One of the most common sayings that one may hear surrounding Real Estate is to, “buy the worst house in the best neighborhood”. This idea has been passed down for so long that nearly everyone has heard it and takes it as fact. It just makes sense, right? Given that a house is surrounded by homes which are priced higher, those higher values will naturally pull the lower ones up. Given that buying a home is one of the largest investments that anyone will make in their lifetime, shouldn't we be making sure that this logic is sound?
When analyzing this thought it is important to ask a few questions, before we look into the statistics, to see if it does hold up logically.
Could this house be valued lower for a reason?
If this saying were true, why are some home values so much less than others in the same neighborhood?
Assuming this is accurate, why would anyone buy a home that isn’t the cheapest in a neighborhood?
By asking questions like these it quickly becomes obvious that this sentiment of buying the worst home may not be accurate, contrary to popular belief.
When we actually dive into the statistics it turns out that those following this mantra could actually be at a detriment. In order to look at this data, the cheapest 10 percent of homes in a given zip code were assessed. The idea is that if we look at these homes and see how they appreciate compared to the other 90 percent, we will be able to see what the actual market says in relation to this proverb. After this is done we actually find that the bottom 10 percent typically doesn’t do better or worse than the remainder of the market, with 2 main exceptions. This means that while there wasn’t a greater return, there also wasn’t a greater cost associated with these homes. However, the exceptions to this rule are quite interesting.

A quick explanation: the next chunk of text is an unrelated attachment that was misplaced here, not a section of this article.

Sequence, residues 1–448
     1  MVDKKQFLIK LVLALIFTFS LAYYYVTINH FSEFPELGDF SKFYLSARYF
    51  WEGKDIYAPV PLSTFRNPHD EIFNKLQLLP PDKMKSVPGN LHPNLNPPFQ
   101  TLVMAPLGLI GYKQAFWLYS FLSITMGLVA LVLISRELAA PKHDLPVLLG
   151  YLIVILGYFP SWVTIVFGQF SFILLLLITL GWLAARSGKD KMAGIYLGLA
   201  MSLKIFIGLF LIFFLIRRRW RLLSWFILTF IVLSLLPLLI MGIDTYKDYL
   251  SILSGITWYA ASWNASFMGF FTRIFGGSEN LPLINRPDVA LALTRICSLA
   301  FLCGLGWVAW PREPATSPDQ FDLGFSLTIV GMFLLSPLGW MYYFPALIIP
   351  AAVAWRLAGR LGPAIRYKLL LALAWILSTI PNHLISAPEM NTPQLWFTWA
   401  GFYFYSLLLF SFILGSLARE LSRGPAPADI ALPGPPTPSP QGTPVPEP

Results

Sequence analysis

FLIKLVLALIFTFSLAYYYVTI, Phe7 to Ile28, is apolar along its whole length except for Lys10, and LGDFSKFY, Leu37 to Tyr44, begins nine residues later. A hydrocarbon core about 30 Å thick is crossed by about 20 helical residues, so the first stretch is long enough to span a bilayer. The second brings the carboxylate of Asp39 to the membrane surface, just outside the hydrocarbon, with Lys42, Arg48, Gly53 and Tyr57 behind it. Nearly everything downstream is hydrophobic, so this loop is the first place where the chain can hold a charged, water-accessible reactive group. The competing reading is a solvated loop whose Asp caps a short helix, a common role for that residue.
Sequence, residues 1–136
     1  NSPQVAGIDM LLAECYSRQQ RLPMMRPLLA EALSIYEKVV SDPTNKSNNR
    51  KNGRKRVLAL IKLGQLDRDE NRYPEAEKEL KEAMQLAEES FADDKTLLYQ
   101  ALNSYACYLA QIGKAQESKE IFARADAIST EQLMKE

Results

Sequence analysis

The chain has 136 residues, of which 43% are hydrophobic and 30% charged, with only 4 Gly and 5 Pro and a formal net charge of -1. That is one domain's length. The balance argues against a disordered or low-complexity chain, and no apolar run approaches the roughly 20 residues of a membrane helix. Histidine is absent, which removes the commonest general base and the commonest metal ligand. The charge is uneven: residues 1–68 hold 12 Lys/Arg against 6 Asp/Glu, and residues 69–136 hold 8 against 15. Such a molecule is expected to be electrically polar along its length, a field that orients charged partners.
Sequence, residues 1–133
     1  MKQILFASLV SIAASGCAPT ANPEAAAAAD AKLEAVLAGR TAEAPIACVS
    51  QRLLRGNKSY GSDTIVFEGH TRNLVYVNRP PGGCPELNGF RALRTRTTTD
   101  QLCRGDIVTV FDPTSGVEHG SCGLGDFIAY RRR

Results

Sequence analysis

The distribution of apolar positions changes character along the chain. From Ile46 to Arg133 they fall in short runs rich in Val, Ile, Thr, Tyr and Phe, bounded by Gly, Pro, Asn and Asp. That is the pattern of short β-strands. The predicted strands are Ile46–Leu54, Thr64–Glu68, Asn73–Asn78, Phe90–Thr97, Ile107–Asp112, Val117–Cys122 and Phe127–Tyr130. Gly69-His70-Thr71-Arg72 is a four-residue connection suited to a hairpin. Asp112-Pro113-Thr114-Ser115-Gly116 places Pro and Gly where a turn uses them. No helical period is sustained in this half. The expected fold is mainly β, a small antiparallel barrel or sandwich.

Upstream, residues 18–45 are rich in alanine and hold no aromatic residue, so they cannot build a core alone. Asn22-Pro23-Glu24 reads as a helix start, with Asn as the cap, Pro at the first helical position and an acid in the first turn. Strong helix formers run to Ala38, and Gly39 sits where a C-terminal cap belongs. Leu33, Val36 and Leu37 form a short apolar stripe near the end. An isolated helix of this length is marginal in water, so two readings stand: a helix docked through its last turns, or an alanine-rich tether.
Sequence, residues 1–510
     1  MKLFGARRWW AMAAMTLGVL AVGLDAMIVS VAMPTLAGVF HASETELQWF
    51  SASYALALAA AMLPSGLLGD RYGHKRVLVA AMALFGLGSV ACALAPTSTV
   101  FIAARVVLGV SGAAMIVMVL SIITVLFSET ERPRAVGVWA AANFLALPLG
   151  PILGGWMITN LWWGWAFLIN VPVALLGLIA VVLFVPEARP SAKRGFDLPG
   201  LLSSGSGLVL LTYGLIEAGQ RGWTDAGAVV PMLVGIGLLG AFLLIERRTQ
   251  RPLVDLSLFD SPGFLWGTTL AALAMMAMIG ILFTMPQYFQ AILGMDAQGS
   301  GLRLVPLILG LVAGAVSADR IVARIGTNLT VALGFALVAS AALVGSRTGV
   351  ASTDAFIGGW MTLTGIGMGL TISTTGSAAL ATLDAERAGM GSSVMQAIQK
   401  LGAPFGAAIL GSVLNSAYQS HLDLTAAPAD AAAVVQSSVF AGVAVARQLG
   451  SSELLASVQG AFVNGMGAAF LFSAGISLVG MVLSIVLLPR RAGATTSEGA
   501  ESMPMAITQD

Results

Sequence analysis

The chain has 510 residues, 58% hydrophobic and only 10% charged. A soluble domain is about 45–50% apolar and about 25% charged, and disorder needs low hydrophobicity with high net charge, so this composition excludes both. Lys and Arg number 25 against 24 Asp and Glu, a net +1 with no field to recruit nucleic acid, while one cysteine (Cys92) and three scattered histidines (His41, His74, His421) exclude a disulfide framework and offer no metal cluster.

The first exception is that the more expensive the neighborhood, in relation to others in a given area, the worse off the lower valued home will be. Perhaps the best way to illustrate this is to say you buy 2 homes at the same time, with both values being in the bottom 10 percent of their respective neighborhoods. The first house is in a neighborhood with average values of a hundred thousand dollars, and the second neighborhood has average values of a million dollars. In the first neighborhood the average values continued to increase; but the home you bought, in the bottom 10 percent, actually continued to lag behind at 5 percentage points. Meanwhile, a similar set of events occurred in the second neighborhood. The difference is that in this million dollar neighborhood, your home in the bottom 10 percent actually lagged behind home values by 25 percent. The theory behind this is that those people who buy in more expensive areas are less interested in getting a “deal” and more interested in finding the perfect home.
The second exception comes when the home is in “hot” neighborhood. This “hot” neighborhood is characterized by 5 years of appreciation that is higher than the market average. If one were to buy the worst home in this neighborhood, in the first few years of this boom, then they would expect to see a greater return than the average as well. The worst home could have its value improved by this increase in demand which could close the gap between its price vs the others in the neighborhood. The problem which this comes from the fact that it is so difficult to spot these “hot” neighborhoods. Even more than this, there are many neighborhoods which look like they are beginning this trend, just to fall back off before the benefit actually comes to fruition. In this instance it is at a major detriment to buy in that neighborhood.
So with all of this, what is the best way to ensure that your home’s value will appreciate? The safest bet is to simply buy a decent house, in the RIGHT neighborhood, and at the price point where you can afford. Unfortunately, some of these sayings simply don’t hold up when they are looked at in the correct lighting. This happens to be one of those sayings. The hard and fast rule of “buy the worst house in the best neighborhood” not only doesn’t hold up according to the stats but they show that the nicer the neighborhood, the worse off you would be to buy this kind of home.